Rebecca’s family eventually made it to Canada. The majority of Canadians did not want them or the others escaping the madness of post-war Vietnam. But enough Canadians listened to their hearts. Enough Canadians saw that the Vietnam War, in which Canada had been involved from the beginning, was asking just what a Canadian was and should be.

(Rebecca Trinh’s story is one of many in my 8th book, “The Devil’s Trick: How Canada Fought the Vietnam War.” It was published in Canada and the USA by Knopf Penguin Random House on April 13, and is available now through Chapters, Amazon, or, as Stuart McLean used to say, sensible bookstores everywhere.)

My Shame and the Shameless Racist

An interesting part of being an author is being invited to address groups about one’s books. You shake off the office, library, and archive dust and meet those who share an interest in books and ideas. Sometimes, though, you meet folks who are not curious but angry. They seek not to learn but profess. Last week, I encountered one such gentleman and wish I had handled him differently.

Last Wednesday I addressed a group of 60 or so folks about my book, Last Steps to Freedom, which addresses the history of racism in Canada. I said that at racism’s core is the belief that in creating some people, God made a mistake. I explained the book’s idea that racism is like a ladder we ascend, climbing the rungs of stereotype, prejudice, discrimination, state-sanctioned discrimination, and, finally, genocide. In Canada, I explained, we have been on every rung, including, with respect to Indigenous peoples, attempted cultural genocide. I illustrated the point with stories of Ukrainian-Canadians, thousands of whom were locked up during the First World War, and Black Canadians who endured slavery and then discrimination that persists today.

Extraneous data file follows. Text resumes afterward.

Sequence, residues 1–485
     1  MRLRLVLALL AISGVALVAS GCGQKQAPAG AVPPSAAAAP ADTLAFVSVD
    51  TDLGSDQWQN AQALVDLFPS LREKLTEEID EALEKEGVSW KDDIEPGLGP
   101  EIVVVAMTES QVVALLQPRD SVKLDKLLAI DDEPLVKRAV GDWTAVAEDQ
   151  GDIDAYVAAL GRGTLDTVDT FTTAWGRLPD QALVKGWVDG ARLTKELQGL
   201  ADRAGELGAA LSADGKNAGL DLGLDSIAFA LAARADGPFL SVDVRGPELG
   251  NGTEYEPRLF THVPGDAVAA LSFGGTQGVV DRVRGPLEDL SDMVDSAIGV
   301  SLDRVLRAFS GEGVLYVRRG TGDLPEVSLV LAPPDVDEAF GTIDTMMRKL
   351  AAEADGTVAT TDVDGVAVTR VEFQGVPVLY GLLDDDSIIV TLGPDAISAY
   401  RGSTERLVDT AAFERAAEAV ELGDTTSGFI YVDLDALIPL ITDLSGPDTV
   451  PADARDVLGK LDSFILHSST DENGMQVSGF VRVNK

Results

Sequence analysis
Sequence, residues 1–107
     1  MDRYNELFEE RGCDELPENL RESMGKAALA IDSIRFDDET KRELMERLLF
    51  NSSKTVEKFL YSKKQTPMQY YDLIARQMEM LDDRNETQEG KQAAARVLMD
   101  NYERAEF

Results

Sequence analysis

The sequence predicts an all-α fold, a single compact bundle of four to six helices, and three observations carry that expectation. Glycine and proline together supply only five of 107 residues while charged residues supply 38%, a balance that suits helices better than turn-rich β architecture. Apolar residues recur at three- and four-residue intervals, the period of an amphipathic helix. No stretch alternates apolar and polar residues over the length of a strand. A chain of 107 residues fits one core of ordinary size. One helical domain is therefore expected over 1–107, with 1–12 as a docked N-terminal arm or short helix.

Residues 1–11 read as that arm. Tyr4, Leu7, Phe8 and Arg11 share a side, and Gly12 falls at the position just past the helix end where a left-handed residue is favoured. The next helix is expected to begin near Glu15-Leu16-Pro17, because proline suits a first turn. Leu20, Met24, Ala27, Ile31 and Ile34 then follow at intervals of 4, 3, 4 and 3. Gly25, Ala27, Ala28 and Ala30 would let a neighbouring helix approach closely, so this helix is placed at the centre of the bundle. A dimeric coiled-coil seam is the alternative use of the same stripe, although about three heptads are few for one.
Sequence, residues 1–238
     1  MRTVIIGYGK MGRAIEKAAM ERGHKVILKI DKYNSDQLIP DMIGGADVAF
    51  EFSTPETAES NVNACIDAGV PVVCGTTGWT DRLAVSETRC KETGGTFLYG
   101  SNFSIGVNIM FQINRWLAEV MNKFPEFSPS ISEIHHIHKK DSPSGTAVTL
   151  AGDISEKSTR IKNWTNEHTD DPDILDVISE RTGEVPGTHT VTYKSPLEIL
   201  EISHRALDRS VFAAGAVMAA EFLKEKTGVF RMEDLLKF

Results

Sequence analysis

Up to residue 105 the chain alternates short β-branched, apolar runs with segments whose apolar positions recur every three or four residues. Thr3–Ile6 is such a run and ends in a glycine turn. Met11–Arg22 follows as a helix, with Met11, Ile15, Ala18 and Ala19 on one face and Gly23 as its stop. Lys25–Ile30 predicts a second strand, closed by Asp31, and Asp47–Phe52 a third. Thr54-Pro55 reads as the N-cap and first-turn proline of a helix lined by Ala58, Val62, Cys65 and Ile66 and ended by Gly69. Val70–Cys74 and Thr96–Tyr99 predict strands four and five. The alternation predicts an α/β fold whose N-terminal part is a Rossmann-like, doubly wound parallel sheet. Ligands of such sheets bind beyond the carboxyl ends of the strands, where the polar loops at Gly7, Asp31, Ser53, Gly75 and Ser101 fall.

The two most important rules in public speaking are to be brief and be seated. I did both. Then came the question period which is always my favorite part. But last Wednesday was different.

He thrust his hand in the air. I nodded his way and he leaped to his feet. The slight man, in his late sixties, asked if I knew the meaning of a hate crime. I began to answer when he cut me off and said that it was hateful to attack another person’s opinions. He then said that according to Louis Farrakhan, the leader of the Nation of Islam, all slave ship captains were Jews. There was a gasp in the audience. I began to respond when again he cut me off asking if I had heard of Ernst Zündel. Yes, I began to reply, when he said that, according to Zündel, the Holocaust never happened. How can I prove, he asked, that the Holocaust happened and that 6 million were killed?